Why not? American names can be strange. Wonderfully strange, mind you, but strange. For instance, during some research on Cotton Mather, I was reminded that his father was named Increase Mather. If Cotton had named his child Production, it would have been a decent start on a trans-generational sentence.
When my great grandparents from Oklahoma had their sixth child, a boy, they decided that was enough for them, they were quits. Since he would be their endwise offspring, they took the very last word of the bible and bequeathed it to him: Finis.
They didn’t pronounce it in the Latin way; instead they pronounced it “finest,” but without the T. And his middle name was Funston. Finis Funston Waid. Ironically, they had another child after him. Probably should have named him Increase.
I have a cousin once removed named Lillou, which is a mash-up of my great aunt Lillian’s name and her best girlfriend, Lou (which I assume is short for Louise, or something similar). There is also an Omalou Mushrush in the family. And back along the family tree we have a Cleopatra Lazenby, which I think is exceptionally cool. I am privileged to have met everybody but Cleopatra and they were and are wonderful folks.
Unknown to most people, my middle name is Roxie—named for a poet friend of the family. As a kid, I gave fervent thanks that Roxie was not my first name and that “David” tumbled down the very center of the naming stream. Of course, I also wished I had straight hair and glasses, as so many other kids in my grade school did. As an adult, however, I have occasionally rued the fact that my first name doesn’t have a wild edginess to it and have come to love the Roxie.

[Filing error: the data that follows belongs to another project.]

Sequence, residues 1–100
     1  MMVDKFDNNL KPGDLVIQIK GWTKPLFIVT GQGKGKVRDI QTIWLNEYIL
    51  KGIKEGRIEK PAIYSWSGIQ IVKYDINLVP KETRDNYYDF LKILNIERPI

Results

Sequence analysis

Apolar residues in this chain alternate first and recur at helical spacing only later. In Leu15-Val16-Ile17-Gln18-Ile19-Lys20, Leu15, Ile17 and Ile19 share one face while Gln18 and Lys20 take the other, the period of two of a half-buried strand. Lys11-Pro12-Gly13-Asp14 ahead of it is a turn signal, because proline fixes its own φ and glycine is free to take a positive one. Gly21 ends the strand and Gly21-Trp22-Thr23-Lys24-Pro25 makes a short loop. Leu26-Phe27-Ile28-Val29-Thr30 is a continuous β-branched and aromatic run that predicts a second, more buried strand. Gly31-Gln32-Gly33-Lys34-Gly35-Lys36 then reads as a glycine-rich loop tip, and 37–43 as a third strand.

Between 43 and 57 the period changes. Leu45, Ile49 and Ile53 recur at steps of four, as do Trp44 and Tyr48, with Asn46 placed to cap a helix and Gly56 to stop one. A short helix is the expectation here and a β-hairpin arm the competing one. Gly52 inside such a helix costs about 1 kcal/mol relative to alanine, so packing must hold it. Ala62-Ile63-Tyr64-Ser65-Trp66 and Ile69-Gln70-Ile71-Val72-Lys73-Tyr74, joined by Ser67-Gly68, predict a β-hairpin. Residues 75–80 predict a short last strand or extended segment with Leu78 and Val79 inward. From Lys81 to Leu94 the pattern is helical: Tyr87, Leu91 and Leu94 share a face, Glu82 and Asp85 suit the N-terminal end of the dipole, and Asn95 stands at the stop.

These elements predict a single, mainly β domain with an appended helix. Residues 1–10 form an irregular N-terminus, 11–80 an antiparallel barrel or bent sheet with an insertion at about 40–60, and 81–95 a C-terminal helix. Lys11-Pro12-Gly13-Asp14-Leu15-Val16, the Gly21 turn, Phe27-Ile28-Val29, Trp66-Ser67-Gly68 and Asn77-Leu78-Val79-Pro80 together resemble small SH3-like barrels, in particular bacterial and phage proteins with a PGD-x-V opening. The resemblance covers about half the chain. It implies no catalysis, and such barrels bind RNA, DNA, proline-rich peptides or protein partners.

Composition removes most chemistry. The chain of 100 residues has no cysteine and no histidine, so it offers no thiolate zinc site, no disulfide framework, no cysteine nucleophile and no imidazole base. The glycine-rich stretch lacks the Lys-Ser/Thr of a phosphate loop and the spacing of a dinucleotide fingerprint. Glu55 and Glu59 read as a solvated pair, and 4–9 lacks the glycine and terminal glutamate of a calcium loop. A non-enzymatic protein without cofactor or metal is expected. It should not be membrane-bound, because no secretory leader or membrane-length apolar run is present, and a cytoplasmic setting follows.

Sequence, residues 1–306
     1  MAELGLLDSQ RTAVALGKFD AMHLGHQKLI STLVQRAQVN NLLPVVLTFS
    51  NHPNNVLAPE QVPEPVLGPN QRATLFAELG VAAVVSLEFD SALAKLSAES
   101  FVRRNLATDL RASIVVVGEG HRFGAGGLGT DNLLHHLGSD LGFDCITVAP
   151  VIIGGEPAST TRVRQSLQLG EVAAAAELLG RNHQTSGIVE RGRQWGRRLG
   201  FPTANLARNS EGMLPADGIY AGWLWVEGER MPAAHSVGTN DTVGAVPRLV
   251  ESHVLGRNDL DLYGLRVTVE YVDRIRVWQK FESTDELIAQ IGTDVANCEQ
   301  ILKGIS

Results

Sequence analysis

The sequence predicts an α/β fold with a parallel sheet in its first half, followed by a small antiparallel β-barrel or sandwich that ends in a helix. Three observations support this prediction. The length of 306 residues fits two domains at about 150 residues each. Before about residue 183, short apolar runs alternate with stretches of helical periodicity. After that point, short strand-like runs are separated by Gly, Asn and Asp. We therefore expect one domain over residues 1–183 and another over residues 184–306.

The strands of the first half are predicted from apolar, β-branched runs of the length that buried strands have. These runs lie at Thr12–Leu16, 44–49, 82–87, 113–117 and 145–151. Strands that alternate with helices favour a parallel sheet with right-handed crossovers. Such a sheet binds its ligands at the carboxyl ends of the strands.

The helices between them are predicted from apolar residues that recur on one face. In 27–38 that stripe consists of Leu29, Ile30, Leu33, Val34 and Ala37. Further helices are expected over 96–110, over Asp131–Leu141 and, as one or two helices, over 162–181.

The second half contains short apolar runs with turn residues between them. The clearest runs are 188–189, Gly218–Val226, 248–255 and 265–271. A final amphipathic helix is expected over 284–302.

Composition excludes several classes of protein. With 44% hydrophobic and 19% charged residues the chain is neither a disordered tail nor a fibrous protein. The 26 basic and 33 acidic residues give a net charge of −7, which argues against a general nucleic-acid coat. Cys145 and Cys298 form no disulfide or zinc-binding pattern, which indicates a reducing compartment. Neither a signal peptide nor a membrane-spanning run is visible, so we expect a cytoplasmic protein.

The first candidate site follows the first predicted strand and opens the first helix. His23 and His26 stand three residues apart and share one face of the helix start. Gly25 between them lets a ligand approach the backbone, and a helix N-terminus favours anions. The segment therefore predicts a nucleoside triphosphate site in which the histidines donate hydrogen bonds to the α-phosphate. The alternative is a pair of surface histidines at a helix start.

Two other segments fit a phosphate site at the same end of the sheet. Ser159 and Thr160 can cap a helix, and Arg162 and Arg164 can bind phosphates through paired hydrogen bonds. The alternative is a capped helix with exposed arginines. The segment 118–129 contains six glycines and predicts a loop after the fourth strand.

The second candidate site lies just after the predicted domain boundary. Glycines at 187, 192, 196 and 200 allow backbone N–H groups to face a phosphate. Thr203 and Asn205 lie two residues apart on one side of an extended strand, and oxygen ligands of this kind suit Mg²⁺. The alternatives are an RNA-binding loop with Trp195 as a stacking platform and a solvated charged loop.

Oh, fickleness, thy name is David Roxie Waid!
When it came to naming our own kids, my wife and I tried to strike the midpoint . To be fair, I did suggest Cleopatra for both girls, but the missus was strangely resistant. And, PS, my daughters say they would have killed me.
Sometimes it feels like the days of these funky, unusual names is over, although when I was a kid there was this little girl up the street whose parents had named her Lovelady. That’s gotta count for something. And though Frank Zappa is dead, Dweezil and Moon Unit live on.
Probably because of my own family, I love to hear about unusual, real life names. Do you have one in your family? If so, no hold-backs are allowed. You must divulge here and now by hitting the comments link at the top of the post.